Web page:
The Coppingers assert that by 16 weeks, a dog's personality is set for life. If he's timid at 16 weeks, he'll be timid at 3 years. They acknowledge that training and behavior modification can change the dog's personality, but are quick to say that the dog will have a social “accent” for the rest of his life. I really, really like that phrase, because it's a great way of describing how a dog can change yet still have lingering effects from the past.
Other things that happen during this stage:
At 3 weeks of age, the puppies begin to play with one another. From now until 7 weeks, they are developing bite inhibition. This is why it is so important that puppies stay with their litter for at least this long.
Mother dogs tend to initiate weaning at about 5 weeks. She does this by growling or snapping at her pups, especially when their sharp little puppy teeth hurt her teats. In response, the pups will roll over in deference. A puppy who is force weaned by being separated from his mom tends to show a reduction in appeasement behaviors; he has literally not learned how to do them. This can create issues in social hierarchies down the road.
House training happens during this stage as well. In the neonatal period, Momma Dog stimulates elimination. Around 2 to 3 weeks, elimination becomes spontaneous on the part of the puppy, and very soon after, the puppy will leave the bedding area to eliminate. By 8 weeks, the puppy will have developed substrate preferences for elimination. This is why it is so hard to house train a mill or pet store puppy; he has literally learned to pee where ever he is at the moment.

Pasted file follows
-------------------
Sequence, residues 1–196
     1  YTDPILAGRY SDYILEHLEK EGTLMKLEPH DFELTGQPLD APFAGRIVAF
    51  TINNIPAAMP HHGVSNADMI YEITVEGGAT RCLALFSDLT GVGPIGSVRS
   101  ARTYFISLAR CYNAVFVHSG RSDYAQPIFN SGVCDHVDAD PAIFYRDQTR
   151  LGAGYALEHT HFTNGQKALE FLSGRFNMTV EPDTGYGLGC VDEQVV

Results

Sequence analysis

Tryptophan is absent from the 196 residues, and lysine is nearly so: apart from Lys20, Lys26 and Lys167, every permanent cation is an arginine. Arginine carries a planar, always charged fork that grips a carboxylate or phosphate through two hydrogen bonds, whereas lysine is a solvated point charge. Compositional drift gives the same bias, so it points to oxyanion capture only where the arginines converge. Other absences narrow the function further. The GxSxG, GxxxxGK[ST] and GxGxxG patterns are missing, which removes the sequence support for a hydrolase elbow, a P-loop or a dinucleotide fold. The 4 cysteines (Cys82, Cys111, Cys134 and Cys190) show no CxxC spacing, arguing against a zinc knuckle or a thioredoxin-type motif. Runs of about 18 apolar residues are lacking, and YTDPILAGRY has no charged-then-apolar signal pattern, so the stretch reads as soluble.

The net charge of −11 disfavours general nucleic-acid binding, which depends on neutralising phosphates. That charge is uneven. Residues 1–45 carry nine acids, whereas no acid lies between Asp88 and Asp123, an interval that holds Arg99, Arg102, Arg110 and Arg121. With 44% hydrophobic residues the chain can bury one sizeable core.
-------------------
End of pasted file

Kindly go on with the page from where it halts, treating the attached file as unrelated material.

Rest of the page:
Fear Periods Multiple, but first one 7 to 12 weeks
This is probably where the biggest variation between puppies occurs. Although puppies will go through several fear periods- defined as a time when the puppy is especially sensitive to bad experiences- they vary in timing and number. Dehasse argues that the first fear period begins when the socialization period ends; around 12 weeks. The Coppingers, on the other hand, suggest that the first fear period starts around 7 weeks.
The owner's job during this time, whenever it happens, is to prevent or minimize bad experiences as much as possible. Bad experiences tend to be traumatic at this time and has a lifelong impact on behavior. There is at least one more fear period (and sometimes more than one) between 6 and 14 months, which roughly correlates with puberty.
Hierarchy and Status Development, 3 to 4 months
Bennett and Briggs were the only ones to label this as a separate developmental period, although Dehasse did allude to it. During this time, dogs start to figure out who they are in relation to other dogs. They also begin teething during this time as their incisors come in.
Flight Instinct or Exploration Period, 4 to 8 months
Puppy develops some independence during this period. He changes from the sweet shadow that follows you everywhere to no longer needing the immediate protection of his owner. This manifests itself as a desire to explore territory, and he will venture further and further away. This is the period where dogs begin to “blow off” their recall cues and find being chased a grand game!
Puberty, 6 to 12 months
During this time, pups begin to figure out all things sexual. An unspayed female will go into heat for the first time around now. Dogs will also begin to show wariness of the unknown. Dehasse says this isn't so much a behavioral fear as it is a cognitive process.
Social Maturity, 1 to 3 years